Start simple. Stand in the doorway so you can keep an eye on the hall and your classroom at the same time. As each child approaches shake their hand, make eye contact, smile and say "Good Morning _______". Some kids need specific coaching on how to do all of those things in response. This is a great time to explain what a comfortable, firm handshake feels like... voice volume... what does eye contact mean? Those few moments give you the chance get a read on the general class mood - and connect with those needing some extra attention. Once you have established this classroom routine students crave it and you will too!



Ready to take it to the next level? Revisit concepts or prep for the day with a Good Morning! Message. Print and cut the Good Morning! Messages. Hang a plastic sleeve and slip a message inside for students to read. They're automatic conversation starters. These are short and open-ended messages so all can be successful. Good Morning! Messages are meant to get kids in the school mode, promote positive and joyful interaction and are fast. Some messages require simple materials like coins, a clock, or something written on a whiteboard yet all are flexible. It is easy to differentiate based on ability or grade. I've used these messages with second, third and fifth graders! You may have some emerging readers unable to be independent with these messages. This is not an issue. Point at the words as you read it out loud to them. They then think and respond. As students get more confident in reading they grow more independent.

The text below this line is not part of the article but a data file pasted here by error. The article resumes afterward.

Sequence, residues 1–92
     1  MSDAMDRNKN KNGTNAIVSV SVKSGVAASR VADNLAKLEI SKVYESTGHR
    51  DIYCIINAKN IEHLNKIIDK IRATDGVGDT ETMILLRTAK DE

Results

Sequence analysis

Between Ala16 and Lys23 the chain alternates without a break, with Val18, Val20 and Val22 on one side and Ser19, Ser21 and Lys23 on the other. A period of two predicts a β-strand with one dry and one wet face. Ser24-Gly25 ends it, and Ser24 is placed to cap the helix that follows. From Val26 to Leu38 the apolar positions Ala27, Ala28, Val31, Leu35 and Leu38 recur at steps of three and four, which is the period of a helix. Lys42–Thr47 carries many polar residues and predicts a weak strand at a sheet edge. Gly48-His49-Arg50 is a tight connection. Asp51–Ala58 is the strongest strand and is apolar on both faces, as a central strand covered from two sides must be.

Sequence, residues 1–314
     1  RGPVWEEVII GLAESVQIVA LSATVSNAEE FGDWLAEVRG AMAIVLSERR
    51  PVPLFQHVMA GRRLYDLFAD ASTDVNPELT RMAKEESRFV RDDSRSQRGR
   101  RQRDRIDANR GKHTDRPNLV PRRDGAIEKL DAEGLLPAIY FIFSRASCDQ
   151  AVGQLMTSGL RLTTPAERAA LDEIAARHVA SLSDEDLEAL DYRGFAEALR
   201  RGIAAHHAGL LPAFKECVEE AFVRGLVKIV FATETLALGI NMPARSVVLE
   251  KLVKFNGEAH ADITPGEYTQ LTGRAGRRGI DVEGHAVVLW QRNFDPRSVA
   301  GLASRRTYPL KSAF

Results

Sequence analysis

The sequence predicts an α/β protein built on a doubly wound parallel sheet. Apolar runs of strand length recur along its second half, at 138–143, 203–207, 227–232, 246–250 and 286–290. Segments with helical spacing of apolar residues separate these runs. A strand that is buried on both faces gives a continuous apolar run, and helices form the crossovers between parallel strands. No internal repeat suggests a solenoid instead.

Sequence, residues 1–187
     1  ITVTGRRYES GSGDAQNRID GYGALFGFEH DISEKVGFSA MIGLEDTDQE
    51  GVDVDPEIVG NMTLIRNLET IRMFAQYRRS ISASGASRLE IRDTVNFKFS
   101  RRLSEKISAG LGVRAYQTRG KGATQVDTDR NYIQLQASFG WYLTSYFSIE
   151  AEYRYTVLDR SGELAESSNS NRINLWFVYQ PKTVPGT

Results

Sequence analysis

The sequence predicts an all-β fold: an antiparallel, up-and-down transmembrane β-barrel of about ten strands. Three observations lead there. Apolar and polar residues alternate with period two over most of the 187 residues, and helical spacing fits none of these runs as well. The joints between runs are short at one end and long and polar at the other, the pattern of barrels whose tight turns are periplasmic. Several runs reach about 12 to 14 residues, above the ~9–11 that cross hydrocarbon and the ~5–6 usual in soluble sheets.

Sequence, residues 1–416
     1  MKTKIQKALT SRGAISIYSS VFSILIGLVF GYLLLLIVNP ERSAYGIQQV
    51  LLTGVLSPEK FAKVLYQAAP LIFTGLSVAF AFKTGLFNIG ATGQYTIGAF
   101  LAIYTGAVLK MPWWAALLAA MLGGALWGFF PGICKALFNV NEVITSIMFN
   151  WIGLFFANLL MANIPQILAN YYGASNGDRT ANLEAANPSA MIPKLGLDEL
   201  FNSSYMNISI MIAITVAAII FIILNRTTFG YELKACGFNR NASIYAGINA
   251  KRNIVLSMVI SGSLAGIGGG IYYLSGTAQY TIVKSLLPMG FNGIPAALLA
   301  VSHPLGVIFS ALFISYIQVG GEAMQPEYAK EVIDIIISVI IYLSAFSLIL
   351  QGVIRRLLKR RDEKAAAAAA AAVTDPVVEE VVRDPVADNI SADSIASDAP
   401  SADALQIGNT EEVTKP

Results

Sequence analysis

This collection has over 210 messages organized by literacy, math, holiday, special events and just plain fun tasks. The cards are not meant to be used in order, but rather mix and match depending on what is going on that day. Students look forward to variety! You can also create your own Good Morning! Messages focused on curriculum content by adding onto the blank page at the end of the General Messages.

Ready to take it even further? Save precious classroom time by expecting students to make their lunch choice and have their homework in hand while waiting for you! Post the lunch choices and sign up sheet in the form of a class roster next to the door. While waiting in line (teaching kids how to wait in line may be necessary too) students read the menu and put an x next to their lunch choice - both those who are buying and bringing from home. Everyone must sign up so when the tardy bell rings you'll have lunch AND attendance count ready to send to the office. Write the homework that is due that day on a whiteboard. Train kids to get those papers out of their backpack and collect their homework on the spot. Keep a homework completion roster on hand to easily identify kids needing encouragement, support or a note home. This is a huge time saver!